"Book Is Rallying Resistance to the Antivaccine Crusade."
Written by science and health reporter Donald G. McNeil Jr., the
article contains interviews with respected public health,
vaccine, and autism professionals commenting on the vaccine-
autism controversy and Dr. Offit's most recent book, "Autism's
False Prophets: Bad science, risky medicine, and the search for
a cure."

The Times article is available online at
http://www.nytimes.com/2009/01/13/health/13auti.html?scp=7&sq=january+13+2009&st=nyt
If you are not registered to access the
Times online, you may need to register; there is no charge to do
so.

Dr. Offit is the chief of Infectious Diseases and the director
of the Vaccine Education Center at the Children's Hospital of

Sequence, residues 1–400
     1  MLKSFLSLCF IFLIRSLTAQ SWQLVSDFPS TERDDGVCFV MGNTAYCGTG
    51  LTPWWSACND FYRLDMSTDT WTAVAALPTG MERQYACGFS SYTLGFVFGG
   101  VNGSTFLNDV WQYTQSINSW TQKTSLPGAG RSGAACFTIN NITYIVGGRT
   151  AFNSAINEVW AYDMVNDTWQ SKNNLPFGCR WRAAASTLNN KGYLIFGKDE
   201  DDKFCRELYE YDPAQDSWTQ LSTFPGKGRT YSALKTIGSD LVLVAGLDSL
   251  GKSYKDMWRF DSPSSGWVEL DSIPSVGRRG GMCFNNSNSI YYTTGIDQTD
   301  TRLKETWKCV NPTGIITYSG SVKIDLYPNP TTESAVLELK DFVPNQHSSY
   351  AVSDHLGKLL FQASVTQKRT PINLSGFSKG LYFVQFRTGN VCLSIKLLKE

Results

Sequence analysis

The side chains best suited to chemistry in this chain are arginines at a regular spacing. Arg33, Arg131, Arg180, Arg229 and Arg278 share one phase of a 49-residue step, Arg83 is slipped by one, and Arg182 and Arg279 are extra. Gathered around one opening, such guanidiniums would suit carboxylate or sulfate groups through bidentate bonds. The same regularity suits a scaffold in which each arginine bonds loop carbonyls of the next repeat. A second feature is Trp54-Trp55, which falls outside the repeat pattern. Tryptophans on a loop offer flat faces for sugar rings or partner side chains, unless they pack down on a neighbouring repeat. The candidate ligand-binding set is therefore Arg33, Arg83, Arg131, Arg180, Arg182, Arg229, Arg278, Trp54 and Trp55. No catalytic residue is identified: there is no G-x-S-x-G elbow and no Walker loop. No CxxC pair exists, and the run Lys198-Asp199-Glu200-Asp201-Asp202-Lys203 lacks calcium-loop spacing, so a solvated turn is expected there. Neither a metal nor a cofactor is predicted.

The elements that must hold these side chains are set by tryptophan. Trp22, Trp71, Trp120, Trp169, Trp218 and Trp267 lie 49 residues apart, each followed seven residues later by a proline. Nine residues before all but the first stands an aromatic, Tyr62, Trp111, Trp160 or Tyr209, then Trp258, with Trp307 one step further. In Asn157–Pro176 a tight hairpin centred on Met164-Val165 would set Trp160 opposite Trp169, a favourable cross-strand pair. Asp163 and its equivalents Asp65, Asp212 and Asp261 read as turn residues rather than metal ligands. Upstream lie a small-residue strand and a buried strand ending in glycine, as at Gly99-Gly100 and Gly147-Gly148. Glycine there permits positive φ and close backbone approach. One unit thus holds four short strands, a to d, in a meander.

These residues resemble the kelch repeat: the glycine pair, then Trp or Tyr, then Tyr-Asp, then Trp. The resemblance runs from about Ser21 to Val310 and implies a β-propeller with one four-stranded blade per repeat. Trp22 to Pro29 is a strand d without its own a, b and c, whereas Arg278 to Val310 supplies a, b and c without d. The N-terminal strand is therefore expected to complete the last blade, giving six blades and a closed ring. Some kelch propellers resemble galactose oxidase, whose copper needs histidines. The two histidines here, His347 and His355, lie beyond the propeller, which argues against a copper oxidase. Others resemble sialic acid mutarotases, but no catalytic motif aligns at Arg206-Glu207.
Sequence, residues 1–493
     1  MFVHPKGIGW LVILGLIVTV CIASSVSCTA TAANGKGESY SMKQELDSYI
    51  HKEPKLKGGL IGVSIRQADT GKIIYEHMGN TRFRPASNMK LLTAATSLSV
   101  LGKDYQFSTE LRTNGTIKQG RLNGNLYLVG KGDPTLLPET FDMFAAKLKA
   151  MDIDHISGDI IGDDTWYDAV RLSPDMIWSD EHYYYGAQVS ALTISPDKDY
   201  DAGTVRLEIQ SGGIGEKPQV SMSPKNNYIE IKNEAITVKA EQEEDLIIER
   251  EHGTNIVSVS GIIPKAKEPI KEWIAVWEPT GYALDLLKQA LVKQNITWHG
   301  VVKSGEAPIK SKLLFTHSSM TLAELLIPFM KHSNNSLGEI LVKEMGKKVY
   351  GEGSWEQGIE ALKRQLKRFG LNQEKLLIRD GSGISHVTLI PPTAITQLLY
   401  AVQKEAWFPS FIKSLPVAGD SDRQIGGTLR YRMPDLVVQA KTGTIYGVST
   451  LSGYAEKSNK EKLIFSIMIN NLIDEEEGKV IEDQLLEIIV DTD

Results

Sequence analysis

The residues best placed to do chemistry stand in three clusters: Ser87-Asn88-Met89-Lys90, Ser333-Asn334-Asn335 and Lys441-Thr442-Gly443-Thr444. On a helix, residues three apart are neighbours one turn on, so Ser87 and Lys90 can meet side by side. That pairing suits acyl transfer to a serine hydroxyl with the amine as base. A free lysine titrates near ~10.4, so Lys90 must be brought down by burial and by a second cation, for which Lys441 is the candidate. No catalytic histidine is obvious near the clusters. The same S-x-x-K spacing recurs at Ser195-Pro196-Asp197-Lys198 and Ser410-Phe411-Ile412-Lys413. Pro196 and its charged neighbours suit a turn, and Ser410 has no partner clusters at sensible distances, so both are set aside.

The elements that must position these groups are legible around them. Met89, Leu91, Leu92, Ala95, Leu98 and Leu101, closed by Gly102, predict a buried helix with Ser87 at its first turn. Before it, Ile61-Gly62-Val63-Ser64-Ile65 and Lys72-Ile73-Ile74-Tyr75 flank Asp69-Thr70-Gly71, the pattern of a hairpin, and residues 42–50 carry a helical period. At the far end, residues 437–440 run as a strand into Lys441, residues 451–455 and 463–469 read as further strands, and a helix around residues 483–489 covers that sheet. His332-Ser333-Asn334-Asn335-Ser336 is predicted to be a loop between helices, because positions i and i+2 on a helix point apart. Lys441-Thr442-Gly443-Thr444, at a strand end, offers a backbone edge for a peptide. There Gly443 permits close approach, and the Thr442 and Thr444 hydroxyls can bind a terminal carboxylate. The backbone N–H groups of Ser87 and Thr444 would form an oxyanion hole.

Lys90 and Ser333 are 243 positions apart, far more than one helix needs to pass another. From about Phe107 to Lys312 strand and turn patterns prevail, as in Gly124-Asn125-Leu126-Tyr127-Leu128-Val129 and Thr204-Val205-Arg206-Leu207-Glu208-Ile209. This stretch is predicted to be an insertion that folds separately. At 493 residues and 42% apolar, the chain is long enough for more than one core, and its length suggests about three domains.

Philadelphia, as well as the Maurice R. Hilleman Professor of
Vaccinology and professor of pediatrics at the University of
Pennsylvania School of Medicine. "Autism's False Prophets" was
published in September 2008 by Columbia University Press. For
information about it, including a video of Dr. Offit, go to:
http://cup.columbia.edu/book/978-0-231-14636-4/autisms-false-prophets/webFeatures

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2 The "CDC Features" web section presents basic pertussis information for the public

The CDC web section titled "CDC Features" recently posted
information about pertussis for the public. Titled "Pertussis
(Whooping Cough)--What You Need To Know," it covers symptoms,
transmission, and prevention; it also presents links to
additional sources of online information.

To access this feature, go to:
http://www.cdc.gov/Features/Pertussis

To access an alphabetical index of archived CDC Features, go to:
http://www.cdc.gov/Features

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3 MMWR publishes update on pneumonia hospitalizations among young U.S. children before and after PCV7 was introduced